Quick facts
  • 37 per cent: number of older Canadians filled one or more prescriptions not recommended for people older than 65
  • 42 per cent: Women over 65 are more likely than men to fill a prescription not recommended for older people
  • No. 1 medicine inappropriately prescribed to seniors: Benzodiazepines, also known as sedatives and used to treat insomnia and anxiety
  • $400 million spent annually in Canada on drugs prescribed to seniors even though the medicines should be avoided for older patients or $75 per Canadian aged 65 and older
  • $1.8 billion: estimated full cost to Canadian health-care system of inappropriate prescriptions to older Canadians ($1.8 billion = over $400 million for the prescriptions and an estimated $1.4 billion for health system costs)
  • $40 to $60 million: the cost to develop a national strategy on the appropriate use of medicines in Canada.
  • A national strategy would involve multiple policies of federal, provincial, and territorial governments to educate and empower patients and health professionals to make informed decisions and about the use of pharmaceutical and non-pharmaceutical treatments, and initiatives to monitor and evaluate prescribing patterns and health outcomes.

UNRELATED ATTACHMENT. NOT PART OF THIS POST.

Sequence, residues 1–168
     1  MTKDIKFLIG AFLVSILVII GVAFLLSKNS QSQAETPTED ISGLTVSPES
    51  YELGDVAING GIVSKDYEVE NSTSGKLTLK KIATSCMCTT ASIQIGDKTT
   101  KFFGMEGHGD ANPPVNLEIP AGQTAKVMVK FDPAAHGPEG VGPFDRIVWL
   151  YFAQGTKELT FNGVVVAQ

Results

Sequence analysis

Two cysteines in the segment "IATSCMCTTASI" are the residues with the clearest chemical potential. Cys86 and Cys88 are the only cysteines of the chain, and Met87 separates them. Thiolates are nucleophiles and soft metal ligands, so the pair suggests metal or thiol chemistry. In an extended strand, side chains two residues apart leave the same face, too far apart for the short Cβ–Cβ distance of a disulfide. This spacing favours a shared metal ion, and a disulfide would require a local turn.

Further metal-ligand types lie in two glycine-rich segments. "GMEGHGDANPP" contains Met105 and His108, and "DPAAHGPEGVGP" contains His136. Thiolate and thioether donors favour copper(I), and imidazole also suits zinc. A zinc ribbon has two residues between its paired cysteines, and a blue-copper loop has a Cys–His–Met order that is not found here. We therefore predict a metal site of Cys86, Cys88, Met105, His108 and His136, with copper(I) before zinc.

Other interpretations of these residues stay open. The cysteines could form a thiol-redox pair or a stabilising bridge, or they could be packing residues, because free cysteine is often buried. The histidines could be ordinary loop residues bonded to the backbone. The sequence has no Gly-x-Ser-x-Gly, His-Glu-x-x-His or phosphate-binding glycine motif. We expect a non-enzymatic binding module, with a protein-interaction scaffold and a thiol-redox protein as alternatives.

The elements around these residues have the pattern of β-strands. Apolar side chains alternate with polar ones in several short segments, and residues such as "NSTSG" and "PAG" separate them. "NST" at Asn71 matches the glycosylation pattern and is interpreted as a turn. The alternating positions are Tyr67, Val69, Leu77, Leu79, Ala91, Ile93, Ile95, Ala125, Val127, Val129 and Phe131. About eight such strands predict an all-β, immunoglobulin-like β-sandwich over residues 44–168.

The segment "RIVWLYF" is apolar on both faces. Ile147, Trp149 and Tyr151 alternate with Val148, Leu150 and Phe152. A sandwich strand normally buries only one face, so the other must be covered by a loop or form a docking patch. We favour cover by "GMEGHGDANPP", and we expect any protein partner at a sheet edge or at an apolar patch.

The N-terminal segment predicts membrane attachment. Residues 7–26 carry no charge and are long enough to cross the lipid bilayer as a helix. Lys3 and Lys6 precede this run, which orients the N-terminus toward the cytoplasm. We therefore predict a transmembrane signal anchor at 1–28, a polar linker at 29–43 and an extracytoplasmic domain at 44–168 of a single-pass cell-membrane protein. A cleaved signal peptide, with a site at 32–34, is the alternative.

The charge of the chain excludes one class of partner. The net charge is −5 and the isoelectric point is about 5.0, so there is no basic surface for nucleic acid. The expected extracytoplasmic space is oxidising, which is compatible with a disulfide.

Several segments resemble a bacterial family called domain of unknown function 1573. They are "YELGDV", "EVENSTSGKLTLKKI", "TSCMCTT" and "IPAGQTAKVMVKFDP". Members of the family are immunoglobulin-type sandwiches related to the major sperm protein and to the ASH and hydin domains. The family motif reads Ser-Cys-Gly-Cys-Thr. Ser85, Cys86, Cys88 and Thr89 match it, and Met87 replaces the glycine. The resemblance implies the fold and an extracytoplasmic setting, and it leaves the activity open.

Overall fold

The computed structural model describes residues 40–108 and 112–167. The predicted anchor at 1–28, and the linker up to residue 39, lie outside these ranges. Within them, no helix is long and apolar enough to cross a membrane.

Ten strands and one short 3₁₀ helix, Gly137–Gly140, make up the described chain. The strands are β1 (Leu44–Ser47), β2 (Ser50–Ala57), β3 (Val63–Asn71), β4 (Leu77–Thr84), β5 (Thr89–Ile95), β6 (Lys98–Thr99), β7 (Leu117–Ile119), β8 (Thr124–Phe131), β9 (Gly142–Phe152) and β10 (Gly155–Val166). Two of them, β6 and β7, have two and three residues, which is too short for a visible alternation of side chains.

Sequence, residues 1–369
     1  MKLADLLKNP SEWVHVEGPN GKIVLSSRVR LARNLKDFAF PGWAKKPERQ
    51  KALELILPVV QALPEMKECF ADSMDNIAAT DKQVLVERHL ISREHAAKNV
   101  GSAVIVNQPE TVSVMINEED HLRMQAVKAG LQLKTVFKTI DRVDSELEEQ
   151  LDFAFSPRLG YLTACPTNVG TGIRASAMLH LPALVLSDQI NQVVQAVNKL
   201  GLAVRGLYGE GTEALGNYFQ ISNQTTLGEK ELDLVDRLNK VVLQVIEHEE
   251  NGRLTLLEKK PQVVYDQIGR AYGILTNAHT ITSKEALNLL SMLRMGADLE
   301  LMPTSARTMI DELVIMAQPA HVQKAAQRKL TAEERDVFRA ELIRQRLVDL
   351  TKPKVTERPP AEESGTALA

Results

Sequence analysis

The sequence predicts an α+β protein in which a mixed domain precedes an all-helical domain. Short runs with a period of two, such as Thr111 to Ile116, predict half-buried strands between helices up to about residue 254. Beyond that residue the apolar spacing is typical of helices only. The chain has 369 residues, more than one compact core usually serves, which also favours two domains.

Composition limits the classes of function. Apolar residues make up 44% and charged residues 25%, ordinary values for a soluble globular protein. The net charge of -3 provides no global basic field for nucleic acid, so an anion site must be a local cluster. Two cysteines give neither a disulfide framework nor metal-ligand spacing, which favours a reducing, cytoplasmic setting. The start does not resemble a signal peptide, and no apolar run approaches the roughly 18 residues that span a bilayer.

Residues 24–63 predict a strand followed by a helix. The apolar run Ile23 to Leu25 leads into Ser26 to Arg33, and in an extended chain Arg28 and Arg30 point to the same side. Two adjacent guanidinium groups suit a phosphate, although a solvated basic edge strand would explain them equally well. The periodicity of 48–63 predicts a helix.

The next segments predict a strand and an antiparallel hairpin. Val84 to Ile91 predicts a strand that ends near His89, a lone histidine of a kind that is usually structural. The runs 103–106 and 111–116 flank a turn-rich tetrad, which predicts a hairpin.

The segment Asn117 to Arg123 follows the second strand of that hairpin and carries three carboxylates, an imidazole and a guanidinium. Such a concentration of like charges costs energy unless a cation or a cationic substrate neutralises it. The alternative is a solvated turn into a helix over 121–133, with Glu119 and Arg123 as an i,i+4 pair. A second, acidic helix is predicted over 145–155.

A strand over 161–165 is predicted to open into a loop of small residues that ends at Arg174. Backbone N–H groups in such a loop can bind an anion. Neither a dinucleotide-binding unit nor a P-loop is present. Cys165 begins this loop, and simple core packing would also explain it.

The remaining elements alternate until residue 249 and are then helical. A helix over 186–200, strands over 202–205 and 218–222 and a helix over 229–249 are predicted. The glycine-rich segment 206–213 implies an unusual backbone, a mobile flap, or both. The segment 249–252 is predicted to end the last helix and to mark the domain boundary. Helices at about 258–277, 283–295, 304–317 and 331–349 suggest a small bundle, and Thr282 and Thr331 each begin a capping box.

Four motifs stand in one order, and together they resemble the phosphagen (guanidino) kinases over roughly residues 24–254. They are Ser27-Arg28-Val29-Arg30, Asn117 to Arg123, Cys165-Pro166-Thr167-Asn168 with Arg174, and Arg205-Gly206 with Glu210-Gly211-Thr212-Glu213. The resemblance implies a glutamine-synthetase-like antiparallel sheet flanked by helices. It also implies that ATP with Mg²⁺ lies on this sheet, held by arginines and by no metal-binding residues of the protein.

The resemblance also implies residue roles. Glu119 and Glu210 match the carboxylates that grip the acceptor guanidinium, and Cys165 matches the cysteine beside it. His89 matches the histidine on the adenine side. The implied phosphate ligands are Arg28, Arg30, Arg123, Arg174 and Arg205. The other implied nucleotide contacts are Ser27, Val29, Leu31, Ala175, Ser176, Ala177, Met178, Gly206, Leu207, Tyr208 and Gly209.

Source University of British Columbia via EurekAlert! AAOS


Frequency and cost of potentially inappropriate prescribing for older adults: a cross-sectional study, Steven G. Morgan, PhD, Jordan Hunt, MA, Jocelyn Rioux, BSc, Jeffery Proulx, BSc, Deirdre Weymann, MA, Cara Tannenbaum, MD, MSc. CMAJO June 22, 2016 vol. 4 no. 2 E346-E351. doi: 10.9778/cmajo.20150131

Beers Criteria for Inappropriate Medication Use in Older Patients: An Update from the AGS, Croke L. Am Fam Physician. 2020 Jan 1;101(1):56-57.

A Pocket Guide to the AGS 2015 Beers Criteria, PDF, The American Geriatrics Society (AGS). Pocket Published 2015.

  Further reading

Too many, too few, or too unsafe? Impact of inappropriate prescribing on mortality, and hospitalization in a cohort of community-dwelling oldest old, Wauters M, Elseviers M, Vaes B, Degryse J, Dalleur O, Vander Stichele R, Christiaens T, Azermai M. Br J Clin Pharmacol. 2016 Nov;82(5):1382-1392. doi: 10.1111/bcp.13055. Epub 2016 Aug 3. Full text

Mortality, hospitalisation, institutionalisation in community-dwelling oldest old: The impact of medication, Wauters M, Elseviers M, Vaes B, Degryse J, Vander Stichele R, Christiaens T, Azermai M. Arch Gerontol Geriatr. 2016 Jul-Aug;65:9-16. doi: 10.1016/j.archger.2016.02.009. Epub 2016 Feb 16.

Safe Medicines for Seniors: A Guide for Caregivers, ISBN 1-894402-27-8. 2006. Canadian Pharmacists Association

Also see
P.E.I. doctor warns about dangers of overmedication CBC
Drugs should be ‘last resort’ in long-term care, says long-term care leader CBC
Antipsychotics overprescribed to Québec seniors with dementia CBC News
Most Elderly People Are Given The Wrong Prescription Drugs; Study Finds Only 17% Get The Right Blend Medical Daily
Underuse of Medical Therapy Linked With Increased Adverse Events in Very Elderly Cardiovascular Research Foundation